You’ve just gotten home. You’re tired. You’re hungry. You just want to sit down, maybe grab a bag of potato chips, and start streaming whatever you are binge watching now. We all know how easy it can be to fall into this pattern of repetition, the trick is finding the motivation to not fall into this potentially self-destructive pattern.
For me it all turned around the year my brothers and I decided to buy dirt bikes after having taken a few year hiatus from the sport. We all ended up with what we had chosen and then one day one brother, a friend, and I went to ride at the Saint Anthony Sand Dunes. When we got out there it was a familiar feeling, I had ridden here many many times before. The problem was that the sand was familiar, but my body wasn’t. After getting my ass kicked at pretty much everything that we did that day and being super nervous about getting hurt I decided change was in order. My goal became to be “in shape” by the time I turned 30. This was a little more than a year out at this point and I figured if I got my shit together that it would be doable.
I started weighing myself, which in itself was pretty depressing. I had been made fun of a few years before by a few people when we had all stepped on the scale in front of each other and hadn’t gotten on one since. It may sound like a stupid reason to not have done it, but it was my reason and it worked for me at the time. Once I got over how much I weighed I was taught by an uncle about tracking what I eat. So, I started tracking everything. And I mean everything. I went from eating whatever I wanted to making sure that I didn’t eat anything extra at all. I was counting the approximate calories that I was burning during the exercise that I was doing but I wasn’t trying to eat to ‘cover’ the balance. I wanted to see the number on the scale go down.
And it did. It went down pretty fast too. What started because I realized I couldn’t do the fun things I wanted to became a reason in itself to keep going. Seeing the number on the scale tick downwards steadily was itself rewarding enough to keep me moving on the path I had chosen. I learned and tried different things to make sure I could manage hunger cravings, which coming from an ‘eat whatever you want’ diet can be pretty tough. I also learned that different types of foods were much more filling, so processed foods went out the window. I started eating healthier and had more energy as a result, combined with the weight loss I was starting to feel pretty good.
Weight loss plateaus happen. They have happened to me and I still have more to loose but I know that I can get through them if I do the right things. I read a lot more about food and how it affects the human body than I ever thought I would have a few years ago. Learning that what you put in has a large say in what comes out is a pretty hard lesson, especially when you love cookies.
Now my motivation comes in the forms of exercise and hobbies that I have picked up. Cycling has become a huge part of my life. Getting on the road and not worrying about work or whatever else it is that is the worry of the day is a big stress reliever for me. The motivation for that used to be loosing weight, and it still plays a part, but now the motivation is because I actually really enjoy it. It may sound crazy to people who haven’t tried it and only see ‘idiots in Lycra’ taking up space on the road but it really is quite enjoyable, especially in a group.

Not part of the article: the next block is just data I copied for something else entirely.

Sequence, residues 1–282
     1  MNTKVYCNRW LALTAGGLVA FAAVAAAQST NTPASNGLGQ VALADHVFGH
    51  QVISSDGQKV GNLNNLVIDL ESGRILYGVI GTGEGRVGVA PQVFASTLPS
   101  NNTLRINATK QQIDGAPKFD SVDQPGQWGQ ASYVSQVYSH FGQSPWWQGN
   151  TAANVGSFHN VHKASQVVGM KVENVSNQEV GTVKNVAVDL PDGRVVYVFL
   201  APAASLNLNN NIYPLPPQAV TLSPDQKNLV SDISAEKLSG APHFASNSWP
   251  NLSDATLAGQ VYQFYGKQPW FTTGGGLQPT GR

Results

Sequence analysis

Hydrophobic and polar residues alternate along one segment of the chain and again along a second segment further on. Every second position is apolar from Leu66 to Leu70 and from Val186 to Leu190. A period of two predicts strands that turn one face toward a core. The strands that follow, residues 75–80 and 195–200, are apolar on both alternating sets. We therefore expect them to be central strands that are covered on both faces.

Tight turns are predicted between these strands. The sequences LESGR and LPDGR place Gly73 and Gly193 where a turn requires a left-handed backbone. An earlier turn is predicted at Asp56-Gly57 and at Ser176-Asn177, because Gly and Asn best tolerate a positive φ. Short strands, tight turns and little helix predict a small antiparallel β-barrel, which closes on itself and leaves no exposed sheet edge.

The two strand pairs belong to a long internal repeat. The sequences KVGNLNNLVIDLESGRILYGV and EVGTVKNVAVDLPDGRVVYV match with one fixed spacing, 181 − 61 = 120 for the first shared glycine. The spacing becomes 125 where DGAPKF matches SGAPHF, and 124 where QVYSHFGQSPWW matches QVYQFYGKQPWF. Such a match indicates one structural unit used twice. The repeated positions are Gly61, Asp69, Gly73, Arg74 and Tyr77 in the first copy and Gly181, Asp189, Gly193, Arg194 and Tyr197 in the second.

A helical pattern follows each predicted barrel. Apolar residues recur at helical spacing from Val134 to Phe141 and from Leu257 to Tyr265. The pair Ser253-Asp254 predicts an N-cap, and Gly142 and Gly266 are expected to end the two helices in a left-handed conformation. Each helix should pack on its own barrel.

Playing the violin is one hobby that I picked up recently. I started only a year and a half ago at this point. It seemed crazy at the time to decide to start so late in life but I only have this life and if I want to do something, who is going to stop me besides myself? I had learned that the hard way with weight gain and loss. I started and had some short goals, the first one was to play a song that was recognizable at a recital (yes I have played recitals, complete with five year old kids whose parents probably thought/think I am crazy). I played it, recognizably may be debatable, and I accomplished my goal. Now my goal is to become better. So I practice a few times a day usually. Not for hours each time, or even a half an hour each time, but usually for five to fifteen minutes. Whatever I can fit in without feeling like I’m beating my head against the wall but enough to make progress.
That’s probably what sums up motivation for me better than most anything now. I want to be better. Not than anyone else, after all, there is always someone better than you are. But to be better than I was yesterday or last week. It doesn’t have to be “I’m training to run across the country to raise awareness/money for world hunger”. It can be as simple as “Because I want to”. The trick is to find the reason that works for you. Mine used to be “I want to loose weight” for cycling and “I want to know how” for violin. Now those are secondary to “I want to have fun” for cycling and “I want to sound better” for violin. In a handful of years I went from being so minimally motivated to not even want to leave the house to motivated enough to ride my bike outside in the wind, rain, and hail. I went from being convinced that I wouldn’t be able to ever make playing the violin happen, to doing what I can to progress from week to week.
My cycling goal now is to keep riding and see how many 100 mile rides I can do this year, whether they’re arranged and supported rides with fully stocked rest areas or just one I try and put together with people I ride with. For violin I want to be good enough to play in the local orchestra at some point (this is a pretty long term goal more than likely but you never know).
Find what works for you, what can drive you, what you want, and make it happen. Be better than you were before. Always improve.